And I have been the happy witness to art and artistry. All are fed by these lovely, oh so common, straw plate holders displayed at the end cap of aisle 9.

read Kerri’s blog post about STRAW PLATE HOLDERS

Stroll The Esoteric Garden [on Not So Flawed Wednesday]

Lately, I am strolling the esoteric gardens and have picked for you these wild blossoms.

First, my favorite quotes of the week:

  1. “Life is mysterious and transcends logic, so the living thing can never be fully analysed, taught or learned…The doctor may explain why the patient is dead, but never why the patient is alive.” [Declan Donnellan].

2. “Samuel Beckett is a wonderful writer who has meditated deeply on the mystery of death…All of Beckett’s works, especially Waiting For Godot, are about death. In other words, because death exists, time is radically relativized. All we do here is invent games to pass the time.” [John O’Donohue]

DogDog and BabyCat are food-driven. The levels of excitement in our house escalate when the food bowls are filled. DogDog performs his vertical-jump-and-counter-clockwise-spin dance. BabyCat uncorks an excited verbal symphony that sounds a lot like “now, now, now, now, now…” The anticipation of the bowl, it seems, is far more satisfying than eating of the food from the bowl. The anticipation lasts longer and I am certain that, in the gobbling, neither DogDog or BabyCat actually taste their food.

3. “After a time, you may find that having is not so pleasing a thing after all as wanting. It is not logical, but it is often true.” ~ Mr. Spock. I laughed the first time I heard this in an episode of Star Trek. Capitalism reduced to a simple, single phrase. The economics of desire, wanting and having en route to wanting.

I have crossed paths with many a seeker. Mostly, they talk of presence or mindfulness or being as a noun. A thing to achieve or possess or gobble. Food in a bowl. The anticipation of unity in a path devoted to separation, thus, we are seekers. The Buddhist’s remedy to the dedication of separation is to chop wood and carry water. In other words, being is a verb.

With the notable exception of how-to-go-on-a-walk-without-pulling-our arms-out-of-the-socket, using the promise of a treat, Kerri can teach DogDog anything. There is no end to the tricks he will perform, the indignities he will suffer, en route to a treat. He sneezes on cue. He counts, high-fives, sits, jumps up, jumps down, wears paper plates on his head…his little Aussie body quakes with excitement, his eyes firmly locked on the promised treat.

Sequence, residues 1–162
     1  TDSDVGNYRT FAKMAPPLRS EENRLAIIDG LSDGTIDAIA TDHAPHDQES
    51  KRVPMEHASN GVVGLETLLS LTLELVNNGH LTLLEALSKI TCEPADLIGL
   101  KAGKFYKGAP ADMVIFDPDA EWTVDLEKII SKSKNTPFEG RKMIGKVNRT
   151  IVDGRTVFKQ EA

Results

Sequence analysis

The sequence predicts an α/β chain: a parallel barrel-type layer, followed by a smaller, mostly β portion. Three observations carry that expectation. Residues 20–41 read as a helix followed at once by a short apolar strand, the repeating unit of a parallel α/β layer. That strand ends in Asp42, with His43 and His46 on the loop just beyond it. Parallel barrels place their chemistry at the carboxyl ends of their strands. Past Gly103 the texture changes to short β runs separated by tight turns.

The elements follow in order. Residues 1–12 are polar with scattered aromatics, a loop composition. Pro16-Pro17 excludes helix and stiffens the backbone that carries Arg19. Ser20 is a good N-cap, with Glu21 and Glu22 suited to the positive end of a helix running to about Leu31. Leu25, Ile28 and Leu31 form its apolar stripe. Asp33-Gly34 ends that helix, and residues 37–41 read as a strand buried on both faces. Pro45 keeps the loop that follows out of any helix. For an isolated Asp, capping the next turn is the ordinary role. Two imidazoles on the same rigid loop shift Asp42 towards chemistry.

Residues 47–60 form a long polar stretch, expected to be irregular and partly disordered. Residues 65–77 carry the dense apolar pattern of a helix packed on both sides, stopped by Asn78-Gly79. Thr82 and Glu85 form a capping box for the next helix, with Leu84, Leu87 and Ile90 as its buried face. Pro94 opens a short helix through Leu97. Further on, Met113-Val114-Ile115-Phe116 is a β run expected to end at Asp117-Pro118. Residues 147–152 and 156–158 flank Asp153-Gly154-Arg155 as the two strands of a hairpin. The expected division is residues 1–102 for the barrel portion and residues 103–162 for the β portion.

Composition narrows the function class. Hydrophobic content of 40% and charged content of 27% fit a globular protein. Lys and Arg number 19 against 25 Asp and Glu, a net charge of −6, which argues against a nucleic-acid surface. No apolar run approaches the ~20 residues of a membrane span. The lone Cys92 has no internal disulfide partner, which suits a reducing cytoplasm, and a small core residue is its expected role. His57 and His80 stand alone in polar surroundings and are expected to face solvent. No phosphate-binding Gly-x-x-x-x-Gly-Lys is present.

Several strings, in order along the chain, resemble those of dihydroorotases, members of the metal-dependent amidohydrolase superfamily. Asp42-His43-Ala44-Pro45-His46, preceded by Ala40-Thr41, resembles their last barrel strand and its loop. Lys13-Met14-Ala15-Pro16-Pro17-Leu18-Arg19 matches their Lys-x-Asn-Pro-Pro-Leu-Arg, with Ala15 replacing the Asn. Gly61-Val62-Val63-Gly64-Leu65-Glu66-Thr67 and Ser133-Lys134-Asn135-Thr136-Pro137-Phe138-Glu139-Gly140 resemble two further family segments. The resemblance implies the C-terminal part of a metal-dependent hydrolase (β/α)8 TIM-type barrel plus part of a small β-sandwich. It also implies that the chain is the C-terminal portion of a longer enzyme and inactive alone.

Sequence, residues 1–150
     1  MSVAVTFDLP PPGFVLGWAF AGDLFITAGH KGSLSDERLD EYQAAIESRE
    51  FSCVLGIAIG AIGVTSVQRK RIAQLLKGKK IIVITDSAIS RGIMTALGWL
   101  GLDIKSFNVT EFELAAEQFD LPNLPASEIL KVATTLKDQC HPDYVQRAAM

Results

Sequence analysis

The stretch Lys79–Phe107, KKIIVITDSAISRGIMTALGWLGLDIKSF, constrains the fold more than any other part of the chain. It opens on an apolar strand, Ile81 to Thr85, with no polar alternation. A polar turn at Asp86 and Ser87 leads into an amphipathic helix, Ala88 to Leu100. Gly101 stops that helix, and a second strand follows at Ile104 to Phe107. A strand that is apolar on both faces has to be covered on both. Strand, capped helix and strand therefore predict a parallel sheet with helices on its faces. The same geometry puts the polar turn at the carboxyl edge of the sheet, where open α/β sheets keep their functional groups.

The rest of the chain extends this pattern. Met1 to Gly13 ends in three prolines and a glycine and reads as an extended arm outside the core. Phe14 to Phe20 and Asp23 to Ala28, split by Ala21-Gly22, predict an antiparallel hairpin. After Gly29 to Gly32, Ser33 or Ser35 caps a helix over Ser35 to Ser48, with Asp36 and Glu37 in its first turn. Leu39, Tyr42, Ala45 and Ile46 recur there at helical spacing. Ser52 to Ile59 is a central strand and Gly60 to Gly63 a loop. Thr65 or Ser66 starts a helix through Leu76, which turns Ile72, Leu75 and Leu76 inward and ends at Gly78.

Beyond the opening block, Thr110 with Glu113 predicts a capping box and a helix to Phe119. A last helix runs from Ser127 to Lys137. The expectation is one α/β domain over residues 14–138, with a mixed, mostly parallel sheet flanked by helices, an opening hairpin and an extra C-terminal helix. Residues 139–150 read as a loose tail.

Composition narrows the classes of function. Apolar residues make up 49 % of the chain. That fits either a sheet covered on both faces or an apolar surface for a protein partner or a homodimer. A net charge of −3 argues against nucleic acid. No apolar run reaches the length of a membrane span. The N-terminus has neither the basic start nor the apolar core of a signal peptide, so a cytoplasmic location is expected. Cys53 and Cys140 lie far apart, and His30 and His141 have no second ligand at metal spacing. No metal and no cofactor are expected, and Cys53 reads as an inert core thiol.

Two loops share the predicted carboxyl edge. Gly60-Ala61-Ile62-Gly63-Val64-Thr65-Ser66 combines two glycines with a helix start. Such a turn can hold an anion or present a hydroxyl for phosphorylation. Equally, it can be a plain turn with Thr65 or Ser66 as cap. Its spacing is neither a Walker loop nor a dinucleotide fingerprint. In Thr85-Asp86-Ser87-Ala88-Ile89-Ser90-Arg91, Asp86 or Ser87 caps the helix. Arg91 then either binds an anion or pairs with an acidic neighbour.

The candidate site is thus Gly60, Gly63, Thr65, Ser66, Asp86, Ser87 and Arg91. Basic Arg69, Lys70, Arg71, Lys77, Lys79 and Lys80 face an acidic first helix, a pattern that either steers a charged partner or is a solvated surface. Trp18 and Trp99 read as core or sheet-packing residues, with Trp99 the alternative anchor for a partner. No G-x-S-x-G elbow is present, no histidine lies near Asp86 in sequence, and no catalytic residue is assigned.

We wrinkle our brows daily and ask, “How can they possibly believe that?” Horatio would respond, “It’s game theory. What are the incentives, the promised pay off?” Anticipation. Treat. We might as well ask, “How did hate, division and lie become food in the human bowl?’ There is no end to the tricks people will perform, the lies they will embrace, the funny hats they will wear, the indignities they will suffer or inflict, eyes firmly locked on a promised treat. Superiority. Or mattering?

I have crossed paths with many a power player. Mostly, they talk of winning, and owning, and being-on-the-top. There is never enough food for the bowl. The anticipation of achieving abundance through eyes that only perceive a pie with limited pieces. Owning this piece and then the next and the next and the next…

“Life is mysterious and transcends logic.”

Yearning meets obstacle.* The strange alchemy necessary to invent a story.

Dogs and cats living together, oh my!

“All we do here is invent games to pass the time.” I wonder, as I wander through my esoteric garden, what might it take for us to invent more inclusive, life-giving games, a more generous story?

*this definition of story courtesy of Robert Olen Butler

read Kerri’s less esoteric blog post on ANTICIPATION

Defy Augury [on Two Artists Tuesday]

It lifted my spirits. David sent a short video, a snippet of a play. He called it “Sofa Shakespeare.” Using small toys from his son’s collection, he performed – and filmed – a puppet version – of Act 5, Scene 2 of Hamlet. “…we defy augury. There is special providence in the fall of a sparrow….” He’s a professor of theatre, a director and playwright, a major member of my inspiration-tribe. He is a bubbling wellspring of the creative.

We have a periodic-ongoing-for-years-conversation about Hamlet. The play is special to both of us. I’ve had two runs at Hamlet. Both were significant. Both productions popped open new doors of understanding for me. Both productions also came to me just before the floor-of-my-life collapsed. I’ve come to think of Hamlet as an omen. If today I was approached to direct it, I’d say “Yes,” but, inwardly, I’d think, “Uh-oh.” I would defy augury. Like Hamlet, I’ve come to realize that I have little or no control over my fate.